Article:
Commonwealth Bank executives thought penalties levied by the Australian Securities and Investments Commission over scandals at its Comminsure subsidiary were so weak, they made the bank look bad.
The financial services royal commission heard an email detailing CBA’s embarrassment at making only a $300,000 community benefit payment over the offences, without any other form of penalty or undertaking.
The scandal saw insurance payouts denied to ill and dying policy holders.
Counsel assisting Rowena Orr QC asked ASIC chair James Shipton “How do you respond to that concern expressed by one of your regulated population that by making a community benefit payment, CBA would look as though it was paying off ASIC to avoid action?”
Mr Shipton said he found it “extremely concerning,” Mr Shipton answers.
While the scandal emerged in 2016 following media reports, ASIC did not consider taking more stringent action on it until the sixth round of the royal commission in September which dealt with life insurance.
Ms Orr asked whether ASIC knew the details of the case before that round.
“I would imagine the gravity of the situation was known to us, and that is why , as I’ve said before, it was a mistake to not act quicker, swifter and earlier,” Mr Shipton responded.
The commission also heard that ASIC negotiated on enforceable undertakings with financial institutions before they were enforced to see if the bank would actually pay up on penalties. Mr Shipton said that was done to gauge the attitude of the bank to the proposed penalty.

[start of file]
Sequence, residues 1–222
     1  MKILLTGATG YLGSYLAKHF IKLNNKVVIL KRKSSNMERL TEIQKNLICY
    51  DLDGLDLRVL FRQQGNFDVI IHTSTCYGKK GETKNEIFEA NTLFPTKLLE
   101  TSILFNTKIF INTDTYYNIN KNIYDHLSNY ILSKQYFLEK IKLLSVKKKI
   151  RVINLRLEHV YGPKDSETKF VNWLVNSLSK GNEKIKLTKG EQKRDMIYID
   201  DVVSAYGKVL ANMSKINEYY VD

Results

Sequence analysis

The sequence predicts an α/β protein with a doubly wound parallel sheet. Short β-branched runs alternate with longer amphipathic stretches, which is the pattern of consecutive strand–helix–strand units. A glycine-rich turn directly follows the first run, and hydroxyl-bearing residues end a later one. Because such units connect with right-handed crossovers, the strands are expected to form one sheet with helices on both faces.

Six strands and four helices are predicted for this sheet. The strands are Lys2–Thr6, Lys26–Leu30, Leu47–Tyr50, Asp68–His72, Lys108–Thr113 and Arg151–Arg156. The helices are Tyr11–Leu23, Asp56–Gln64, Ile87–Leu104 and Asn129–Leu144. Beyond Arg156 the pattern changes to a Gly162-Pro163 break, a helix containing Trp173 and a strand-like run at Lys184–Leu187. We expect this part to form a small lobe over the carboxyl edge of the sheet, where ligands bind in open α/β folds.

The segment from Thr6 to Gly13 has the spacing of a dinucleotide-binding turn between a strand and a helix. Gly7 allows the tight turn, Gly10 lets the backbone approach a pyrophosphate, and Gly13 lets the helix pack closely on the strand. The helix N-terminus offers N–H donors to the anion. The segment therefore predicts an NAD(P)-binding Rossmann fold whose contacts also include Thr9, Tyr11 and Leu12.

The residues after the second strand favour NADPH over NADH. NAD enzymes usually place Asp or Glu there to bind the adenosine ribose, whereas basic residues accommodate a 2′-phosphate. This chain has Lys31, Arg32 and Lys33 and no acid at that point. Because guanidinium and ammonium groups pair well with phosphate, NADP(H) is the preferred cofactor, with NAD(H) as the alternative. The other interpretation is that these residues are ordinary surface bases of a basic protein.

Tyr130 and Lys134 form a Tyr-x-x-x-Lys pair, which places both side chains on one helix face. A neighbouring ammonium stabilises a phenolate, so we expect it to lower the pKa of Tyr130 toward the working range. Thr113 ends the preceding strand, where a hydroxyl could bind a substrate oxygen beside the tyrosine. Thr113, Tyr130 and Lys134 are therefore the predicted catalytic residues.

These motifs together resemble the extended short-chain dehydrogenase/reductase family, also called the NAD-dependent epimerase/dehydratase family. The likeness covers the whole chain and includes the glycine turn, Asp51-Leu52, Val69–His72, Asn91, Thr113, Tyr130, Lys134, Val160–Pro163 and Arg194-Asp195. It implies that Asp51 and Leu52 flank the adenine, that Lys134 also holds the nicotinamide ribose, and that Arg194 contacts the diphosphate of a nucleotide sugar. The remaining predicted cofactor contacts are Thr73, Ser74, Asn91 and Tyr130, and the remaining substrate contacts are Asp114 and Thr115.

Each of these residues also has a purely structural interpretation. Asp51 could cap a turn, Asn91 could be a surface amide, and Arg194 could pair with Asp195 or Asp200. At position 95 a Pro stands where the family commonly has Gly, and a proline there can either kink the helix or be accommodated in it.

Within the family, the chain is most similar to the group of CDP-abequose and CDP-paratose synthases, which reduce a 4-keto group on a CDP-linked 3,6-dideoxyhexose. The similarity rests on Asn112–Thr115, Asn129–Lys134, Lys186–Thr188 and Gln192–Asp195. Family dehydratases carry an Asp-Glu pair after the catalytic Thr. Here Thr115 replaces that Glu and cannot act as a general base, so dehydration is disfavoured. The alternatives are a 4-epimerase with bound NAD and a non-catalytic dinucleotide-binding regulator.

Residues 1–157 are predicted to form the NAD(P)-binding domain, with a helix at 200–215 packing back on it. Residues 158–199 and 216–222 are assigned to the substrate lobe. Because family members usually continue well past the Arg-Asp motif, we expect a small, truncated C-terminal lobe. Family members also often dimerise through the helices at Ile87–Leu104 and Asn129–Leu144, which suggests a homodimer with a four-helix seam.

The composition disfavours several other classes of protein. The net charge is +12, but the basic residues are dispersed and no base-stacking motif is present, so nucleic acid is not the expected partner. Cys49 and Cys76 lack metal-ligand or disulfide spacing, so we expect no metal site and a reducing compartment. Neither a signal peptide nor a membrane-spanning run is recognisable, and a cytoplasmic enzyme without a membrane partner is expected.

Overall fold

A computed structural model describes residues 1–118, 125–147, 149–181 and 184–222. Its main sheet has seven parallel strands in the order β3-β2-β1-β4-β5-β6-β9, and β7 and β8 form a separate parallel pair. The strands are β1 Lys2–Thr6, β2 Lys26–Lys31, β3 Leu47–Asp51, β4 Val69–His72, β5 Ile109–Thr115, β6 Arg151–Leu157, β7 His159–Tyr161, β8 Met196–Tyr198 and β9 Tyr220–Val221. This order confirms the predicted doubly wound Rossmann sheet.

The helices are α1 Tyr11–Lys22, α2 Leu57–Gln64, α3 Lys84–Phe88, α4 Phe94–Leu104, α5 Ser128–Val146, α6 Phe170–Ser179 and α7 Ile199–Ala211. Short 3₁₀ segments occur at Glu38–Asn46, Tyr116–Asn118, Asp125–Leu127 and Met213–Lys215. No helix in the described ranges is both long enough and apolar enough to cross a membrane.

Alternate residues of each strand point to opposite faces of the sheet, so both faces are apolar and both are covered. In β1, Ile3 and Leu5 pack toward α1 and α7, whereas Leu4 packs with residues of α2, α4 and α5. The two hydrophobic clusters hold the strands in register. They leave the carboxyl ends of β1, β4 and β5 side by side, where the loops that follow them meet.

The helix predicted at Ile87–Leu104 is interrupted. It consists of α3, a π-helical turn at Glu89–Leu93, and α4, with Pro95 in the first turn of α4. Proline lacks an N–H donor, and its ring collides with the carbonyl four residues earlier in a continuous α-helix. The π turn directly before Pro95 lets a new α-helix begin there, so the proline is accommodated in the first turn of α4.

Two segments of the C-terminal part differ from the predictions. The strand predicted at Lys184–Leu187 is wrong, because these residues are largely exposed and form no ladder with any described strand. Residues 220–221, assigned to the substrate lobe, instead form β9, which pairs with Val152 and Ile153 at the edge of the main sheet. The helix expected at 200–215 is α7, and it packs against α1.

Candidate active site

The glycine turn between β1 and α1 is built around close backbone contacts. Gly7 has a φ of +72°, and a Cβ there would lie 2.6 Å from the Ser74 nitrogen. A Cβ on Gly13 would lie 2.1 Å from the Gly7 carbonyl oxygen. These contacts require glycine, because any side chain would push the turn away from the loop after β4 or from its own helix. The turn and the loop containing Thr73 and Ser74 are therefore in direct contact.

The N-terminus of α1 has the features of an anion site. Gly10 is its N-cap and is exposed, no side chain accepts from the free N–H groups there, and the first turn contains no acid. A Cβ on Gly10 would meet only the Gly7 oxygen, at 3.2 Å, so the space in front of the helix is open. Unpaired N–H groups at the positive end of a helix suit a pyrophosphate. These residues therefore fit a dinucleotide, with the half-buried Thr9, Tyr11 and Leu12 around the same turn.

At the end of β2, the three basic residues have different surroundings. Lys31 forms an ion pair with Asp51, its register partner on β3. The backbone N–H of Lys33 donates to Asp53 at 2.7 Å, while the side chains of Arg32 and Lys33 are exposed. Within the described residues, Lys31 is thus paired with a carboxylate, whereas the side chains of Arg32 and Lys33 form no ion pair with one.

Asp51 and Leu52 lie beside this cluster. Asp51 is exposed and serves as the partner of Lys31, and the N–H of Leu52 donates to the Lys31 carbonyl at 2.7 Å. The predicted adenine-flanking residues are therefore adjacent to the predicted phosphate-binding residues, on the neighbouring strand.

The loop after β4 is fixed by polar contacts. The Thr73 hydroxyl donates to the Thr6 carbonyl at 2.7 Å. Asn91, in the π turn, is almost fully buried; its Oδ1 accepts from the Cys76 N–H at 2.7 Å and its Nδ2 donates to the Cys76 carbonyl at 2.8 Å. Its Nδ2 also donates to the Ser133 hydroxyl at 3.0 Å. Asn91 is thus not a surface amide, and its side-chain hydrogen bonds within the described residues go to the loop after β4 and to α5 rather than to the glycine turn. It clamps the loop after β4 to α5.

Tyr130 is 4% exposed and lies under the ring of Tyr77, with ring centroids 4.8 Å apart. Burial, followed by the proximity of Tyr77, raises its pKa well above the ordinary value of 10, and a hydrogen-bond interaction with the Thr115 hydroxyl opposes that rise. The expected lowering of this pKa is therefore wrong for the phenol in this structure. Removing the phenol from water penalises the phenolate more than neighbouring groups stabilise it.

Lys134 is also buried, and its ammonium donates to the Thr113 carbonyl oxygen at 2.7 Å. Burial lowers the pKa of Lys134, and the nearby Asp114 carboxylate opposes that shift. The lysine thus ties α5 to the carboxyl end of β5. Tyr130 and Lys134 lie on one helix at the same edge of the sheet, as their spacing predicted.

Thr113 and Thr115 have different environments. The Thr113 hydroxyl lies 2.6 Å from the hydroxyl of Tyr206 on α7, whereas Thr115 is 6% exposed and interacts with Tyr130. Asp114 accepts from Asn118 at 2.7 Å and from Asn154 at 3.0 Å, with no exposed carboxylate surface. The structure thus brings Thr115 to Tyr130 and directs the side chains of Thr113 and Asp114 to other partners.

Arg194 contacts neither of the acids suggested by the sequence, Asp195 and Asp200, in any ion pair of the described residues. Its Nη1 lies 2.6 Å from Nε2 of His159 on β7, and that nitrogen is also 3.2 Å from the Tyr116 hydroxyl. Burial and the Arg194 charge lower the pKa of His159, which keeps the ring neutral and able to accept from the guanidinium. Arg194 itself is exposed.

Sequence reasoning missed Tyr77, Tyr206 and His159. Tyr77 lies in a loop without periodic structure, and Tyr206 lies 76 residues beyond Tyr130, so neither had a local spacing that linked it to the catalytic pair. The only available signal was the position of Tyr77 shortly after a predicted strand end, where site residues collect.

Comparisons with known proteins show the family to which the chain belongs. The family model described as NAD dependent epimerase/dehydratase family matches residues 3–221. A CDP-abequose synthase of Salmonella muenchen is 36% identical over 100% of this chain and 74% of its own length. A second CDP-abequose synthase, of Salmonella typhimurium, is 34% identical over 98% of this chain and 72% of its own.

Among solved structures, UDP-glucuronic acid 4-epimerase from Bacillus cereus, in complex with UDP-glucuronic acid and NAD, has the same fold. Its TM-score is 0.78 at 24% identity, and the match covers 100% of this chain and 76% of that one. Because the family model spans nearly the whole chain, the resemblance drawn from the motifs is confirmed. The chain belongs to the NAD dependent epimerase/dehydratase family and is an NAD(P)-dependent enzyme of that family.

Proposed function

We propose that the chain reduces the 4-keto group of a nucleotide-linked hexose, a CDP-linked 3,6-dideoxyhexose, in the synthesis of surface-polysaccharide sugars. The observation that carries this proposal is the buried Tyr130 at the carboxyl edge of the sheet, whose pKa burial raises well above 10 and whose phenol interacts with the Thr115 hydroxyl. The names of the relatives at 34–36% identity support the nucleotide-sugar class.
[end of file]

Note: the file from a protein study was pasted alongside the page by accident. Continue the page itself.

“The parking inspector doesn’t seek an indication from the person he’s giving a parking fine to as to whether they will accept and pay it. Why don’t you just do that?” Ms Orr asked
Mr Shipton said that if the offending institution did not pay up ASIC would take it to court.
Prosecutions of big banks have been very rare for ASIC. Since 2008 ASIC has only taken 10 actions against major banks out of more than 169 civil proceedings pursued by the regulator.
In another example of ASIC being late the the party the commission heard that Clearview group had told ASIC by May 2017 that it had breached anti-hawking provisions 303,000 times with each being a criminal offence.
“And despite that [information], ASIC did not seriously revisit its view that it had earlier formed that this was not a criminal matter?” Ms Orr asked.
“And this is unfortunate and I think a mistake not to pursue the anti-hawking aspects of this matter,” Mr Shipton said.
ASIC’s practice of workshopping press releases detailing enforceable undertakings with the institutions being punished was also brought up as evidence of a weak approach to enforcement. Negotiations with NAB over foreign exchange breaches and CBA over Comminsure were raised as cases in point.
Mr Shipton said negotiations were held to ensure the details of the case were correct because mistakes could have share market implications.
However Commissioner Kenneth Hayne rejected that explanation saying the factual details of the case were what ASIC’s actions were built on.
“Those are the matters which are at the core of what ASIC alleges? …And ASIC should know what it alleges…. And it should know what the entity admits… And there should be no controversy about either what is alleged or what is admitted,” Commissioner Hayne said.
Mr Shipton said the government had given ASIC $8 million in extra funding to help with enforcement. However he said the regulator was still under powered and resourced.
“We don’t have sufficient penalties and we don’t have sufficient powers,” Mr Shipton said.